Tag: Study

Study abroad programs are letting U.S. students travel again. But it’s not without challenges.

Last fall, Elon University in North Carolina had 550 students studying abroad. This fall, they have just 13. They are expecting that number to increase substantially as study abroad advisers are seeing an uptick of (virtual) appointment requests.

© The Washington Post illustration; iStock

“We’ve actually opened our cycle of applications for fall 2021 and we have loads and loads of applications already,” says Rhonda Waller, the university’s executive director of global engagement.

Americans are not allowed to enter many international borders, including the European Union, but there are exceptions for people traveling for work, emergencies and school. While the beginning of the coronavirus outbreak was chaotic for U.S. students abroad, as exchange programs were canceled and borders closed, students are taking the opportunity to study abroad again now that they have been given the green light.

When can Americans travel to Europe again? We asked 4 insiders.

“For a lot of families, it was a risk calculation,” Waller says. “You do have to get on an airplane and that’s definitely part of the calculus as part of their thinking. But once you get off that airplane, some of these locations are probably looking actually pretty favorable compared to the relative conditions and the positivity rates here in the United States.”

Before the pandemic, hundreds of thousands of U.S. students were studying abroad each year. In the 2017-2018 school year, more than 341,750 students studied abroad for academic credit, with the U.K., Italy, Spain, France and Germany as the most popular destinations, according to the most recent stats available from the Institute of International Education.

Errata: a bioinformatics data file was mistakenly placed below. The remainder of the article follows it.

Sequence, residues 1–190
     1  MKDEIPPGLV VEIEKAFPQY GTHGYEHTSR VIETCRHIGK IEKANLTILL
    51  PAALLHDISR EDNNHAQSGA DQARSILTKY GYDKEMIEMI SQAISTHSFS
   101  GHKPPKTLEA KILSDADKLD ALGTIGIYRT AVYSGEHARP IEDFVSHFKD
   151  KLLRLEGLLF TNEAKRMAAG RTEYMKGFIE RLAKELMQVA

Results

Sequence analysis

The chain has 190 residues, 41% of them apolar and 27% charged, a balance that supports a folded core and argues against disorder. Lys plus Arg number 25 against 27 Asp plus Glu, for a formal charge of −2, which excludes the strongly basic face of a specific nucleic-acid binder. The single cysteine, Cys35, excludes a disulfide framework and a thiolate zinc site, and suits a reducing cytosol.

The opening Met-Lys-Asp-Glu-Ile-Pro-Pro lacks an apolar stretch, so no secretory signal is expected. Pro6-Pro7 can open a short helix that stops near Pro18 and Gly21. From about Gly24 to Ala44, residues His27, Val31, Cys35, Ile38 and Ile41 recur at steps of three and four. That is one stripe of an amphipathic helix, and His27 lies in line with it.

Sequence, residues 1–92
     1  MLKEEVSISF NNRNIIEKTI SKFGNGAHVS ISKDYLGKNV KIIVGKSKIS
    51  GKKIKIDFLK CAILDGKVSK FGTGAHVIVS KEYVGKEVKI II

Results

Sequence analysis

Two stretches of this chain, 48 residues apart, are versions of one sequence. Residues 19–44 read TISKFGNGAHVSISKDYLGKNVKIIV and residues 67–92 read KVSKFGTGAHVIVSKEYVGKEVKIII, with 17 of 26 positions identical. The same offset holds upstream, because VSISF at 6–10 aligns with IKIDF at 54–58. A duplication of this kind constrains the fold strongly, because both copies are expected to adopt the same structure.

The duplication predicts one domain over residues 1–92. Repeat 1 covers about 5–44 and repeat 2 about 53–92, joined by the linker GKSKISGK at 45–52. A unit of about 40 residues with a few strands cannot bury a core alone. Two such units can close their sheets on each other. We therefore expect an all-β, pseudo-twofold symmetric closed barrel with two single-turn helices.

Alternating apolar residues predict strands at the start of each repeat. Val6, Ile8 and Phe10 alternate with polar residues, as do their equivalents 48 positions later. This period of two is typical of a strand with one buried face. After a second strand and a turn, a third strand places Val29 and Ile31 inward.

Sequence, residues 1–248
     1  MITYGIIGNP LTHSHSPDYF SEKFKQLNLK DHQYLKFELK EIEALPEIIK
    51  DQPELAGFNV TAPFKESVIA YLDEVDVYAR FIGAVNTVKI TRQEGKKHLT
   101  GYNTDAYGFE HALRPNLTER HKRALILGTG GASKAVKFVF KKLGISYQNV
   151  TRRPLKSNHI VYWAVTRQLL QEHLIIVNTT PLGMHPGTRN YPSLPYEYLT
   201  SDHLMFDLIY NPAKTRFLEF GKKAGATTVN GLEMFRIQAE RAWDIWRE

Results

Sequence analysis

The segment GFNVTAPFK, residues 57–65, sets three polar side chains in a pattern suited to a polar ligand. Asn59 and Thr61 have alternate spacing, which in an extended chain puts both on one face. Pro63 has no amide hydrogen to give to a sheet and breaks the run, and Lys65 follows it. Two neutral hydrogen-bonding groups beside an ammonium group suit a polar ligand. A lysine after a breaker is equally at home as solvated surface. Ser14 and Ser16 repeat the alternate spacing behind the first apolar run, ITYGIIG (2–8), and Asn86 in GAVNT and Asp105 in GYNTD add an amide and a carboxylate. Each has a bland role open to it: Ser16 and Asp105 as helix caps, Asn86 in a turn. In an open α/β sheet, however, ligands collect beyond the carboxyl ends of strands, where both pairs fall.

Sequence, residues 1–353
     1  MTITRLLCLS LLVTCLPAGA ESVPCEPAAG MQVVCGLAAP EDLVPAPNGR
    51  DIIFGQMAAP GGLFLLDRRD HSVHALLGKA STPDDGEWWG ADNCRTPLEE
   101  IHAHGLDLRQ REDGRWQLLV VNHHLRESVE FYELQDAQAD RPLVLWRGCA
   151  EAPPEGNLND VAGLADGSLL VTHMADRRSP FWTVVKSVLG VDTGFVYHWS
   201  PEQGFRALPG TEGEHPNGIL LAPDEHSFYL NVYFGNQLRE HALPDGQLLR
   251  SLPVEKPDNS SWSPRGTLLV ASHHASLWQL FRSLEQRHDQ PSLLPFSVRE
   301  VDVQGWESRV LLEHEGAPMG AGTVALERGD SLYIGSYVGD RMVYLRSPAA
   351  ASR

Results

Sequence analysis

Waller says she advises students to be optimistic as well as cautious and flexible while they plan study abroad experiences since complications can arise. Students can even register for classes at Elon’s North Carolina campus in case their study abroad plans fall through at the last minute.

How much does a hotel’s ventilation system matter right now? We asked the experts.

Once students arrive overseas, they are in the hands of the local study abroad partners who are in charge of making adjustments for the coronavirus, from health screenings and quarantining upon arrival to adjustments to classroom settings. However, a travel abroad student’s experience will depend on where they are studying. Even if students choose destinations where coronavirus cases are currently low, it is impossible to know what the situation will be once they actually arrive.

At the American University of Paris, neurology student Morgan Phillips, 21, says class sizes are small and desks are socially distanced. However, students are given the option of choosing online learning if they are not comfortable coming to class in person. “Obviously everybody wears masks, but everything else seems pretty normal,” says Phillips, who moved from New York City.

In Florence, American graduate student Stef Ferrari, 36, has her temperature checked before entering any building of the Istituto Lorenzo de’ Medici, where class sizes are small, masks are mandatory and hand sanitizer is readily available. While she’s overjoyed